As TechDirt points out, “One of the things that’s been glaring about all of the investigations and panels and research into these [surveillance] programs is that they almost always leave out actual technologists, and especially leave out security experts. That seems like a big weakness, and now those security researchers are speaking out anyway. At some point, the politicians backing these programs are going to have to realize that almost no one who actually understands this stuff thinks what they’re doing is the right way to go about this.
Dear subscriber, you are registered as a participant in a mass disturbance.
That’s a text message that thousands of Ukrainian protesters spontaneously received on their cell phones today, as a new law prohibiting public demonstrations went into effect. It was the regime’s police force, sending protesters the perfectly dystopian text message to accompany the newly minted, perfectly dystopian legislation.
Via The New York Times:
The government’s opponents said three recent actions had been intended to incite the more radical protesters and sow doubt in the minds of moderates: the passing of laws last week circumscribing the right of public assembly, the blocking of a protest march past the Parliament building on Sunday and the sending of cellphone messages on Tuesday to people standing in the vicinity of the fighting that said, “Dear subscriber, you are registered as a participant in a mass disturbance.”…
…The phrasing of the message, about participating in a “mass disturbance,” echoed language in a new law making it a crime to participate in a protest deemed violent. The law took effect on Tuesday. And protesters were concerned that the government seemed to be using cutting-edge technology from the advertising industry to pinpoint people for political profiling.
Seven months ago, the world began to learn the vast scope of the National Security Agency’s reach into the lives of hundreds of millions of people in the United States and around the globe, as it collects information about their phone calls, their email messages, their friends and contacts, how they spend their days and where they spend their nights. The public learned in great detail how the agency has exceeded its mandate and abused its authority, prompting outrage at kitchen tables and at the desks of Congress, which may finally begin to limit these practices…
…All of this is entirely because of information provided to journalists by Edward Snowden, the former N.S.A. contractor who stole a trove of highly classified documents after he became disillusioned with the agency’s voraciousness. Mr. Snowden is now living in Russia, on the run from American charges of espionage and theft, and he faces the prospect of spending the rest of his life looking over his shoulder.
Considering the enormous value of the information he has revealed, and the abuses he has exposed, Mr. Snowden deserves better than a life of permanent exile, fear and flight. He may have committed a crime to do so, but he has done his country a great service. It is time for the United States to offer Mr. Snowden a plea bargain or some form of clemency that would allow him to return home, face at least substantially reduced punishment in light of his role as a whistle-blower, and have the hope of a life advocating for greater privacy and far stronger oversight of the runaway intelligence community…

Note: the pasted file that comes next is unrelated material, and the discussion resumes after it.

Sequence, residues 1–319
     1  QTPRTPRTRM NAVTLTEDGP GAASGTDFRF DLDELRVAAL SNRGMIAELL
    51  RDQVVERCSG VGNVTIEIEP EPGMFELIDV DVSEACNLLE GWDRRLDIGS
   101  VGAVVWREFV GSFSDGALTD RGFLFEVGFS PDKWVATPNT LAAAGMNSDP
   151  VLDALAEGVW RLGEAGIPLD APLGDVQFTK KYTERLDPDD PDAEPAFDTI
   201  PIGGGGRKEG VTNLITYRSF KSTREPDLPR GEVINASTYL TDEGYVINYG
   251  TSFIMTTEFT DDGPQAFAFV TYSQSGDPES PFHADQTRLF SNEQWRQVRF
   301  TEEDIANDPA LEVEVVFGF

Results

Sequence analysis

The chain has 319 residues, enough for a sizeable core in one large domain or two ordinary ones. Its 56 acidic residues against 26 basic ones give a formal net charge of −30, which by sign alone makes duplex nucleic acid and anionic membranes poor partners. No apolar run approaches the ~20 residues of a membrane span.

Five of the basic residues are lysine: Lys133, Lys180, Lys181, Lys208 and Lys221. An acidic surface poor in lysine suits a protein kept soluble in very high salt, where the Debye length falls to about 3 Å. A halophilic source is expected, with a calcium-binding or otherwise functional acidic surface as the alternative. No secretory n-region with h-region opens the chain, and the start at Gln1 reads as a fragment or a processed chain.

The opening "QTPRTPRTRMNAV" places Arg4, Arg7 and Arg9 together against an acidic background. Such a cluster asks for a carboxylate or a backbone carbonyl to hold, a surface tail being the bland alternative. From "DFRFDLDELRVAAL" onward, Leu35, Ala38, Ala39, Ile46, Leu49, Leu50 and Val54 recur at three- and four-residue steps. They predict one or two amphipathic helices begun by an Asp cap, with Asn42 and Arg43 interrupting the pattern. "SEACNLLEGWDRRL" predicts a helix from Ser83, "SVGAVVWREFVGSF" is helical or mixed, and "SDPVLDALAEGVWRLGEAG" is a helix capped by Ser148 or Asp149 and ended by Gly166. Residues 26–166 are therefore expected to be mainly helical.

When someone reveals that government officials have routinely and deliberately broken the law, that person should not face life in prison at the hands of the same government.
New York Times Editorial. Edward Snowden, Whistle-Blower.
FJP: First, good on The New York Times.
Second, as the Times points out, Snowden’s been charged with two violations of the Espionage Act “involving unauthorized communication of classified information, and a charge of theft of government property.”
While the editorial suggests Snowden should receive clemency or, at the very least, a reduced sentence compared to the decades he faces under the current charges, take a look at the Freedom of the Press Foundation’s analysis of what Snowden would be able to present in his defense should he wind up in court. Basically, nothing:
If Edward Snowden comes back to the US to face trial, he likely will not be able to tell a jury why he did what he did, and what happened because of his actions. Contrary to common sense, there is no public interest exception to the Espionage Act. Prosecutors in recent cases have convinced courts that the intent of the leaker, the value of leaks to the public, and the lack of harm caused by the leaks are irrelevant—and are therefore inadmissible in court…
…[I]n Snowden’s case, the administration will be able to exclude almost all knowledge beneficial to his case from a jury until he’s already been found guilty of felonies that will have him facing decades, if not life, in jail.
This would mean Snowden could not be able to tell the jury that his intent was to inform the American public about the government’s secret interpretations of laws used to justify spying on millions of citizens without their knowledge, as opposed to selling secrets to hostile countries for their advantage.
If the prosecution had their way, Snowden would also not be able to explain to a jury that his leaks sparked more than two dozen bills in Congress, and half a dozen lawsuits, all designed to rein in unconstitutional surveillance. He wouldn’t be allowed to explain how his leaks caught an official lying to Congress, that they’ve led to a White House review panel recommending forty-six reforms for US intelligence agencies, or that they’ve led to an unprecedented review of government secrecy.
Chilling, and worthwhile to keep in mind when people say he should return from Russia and make his case to court.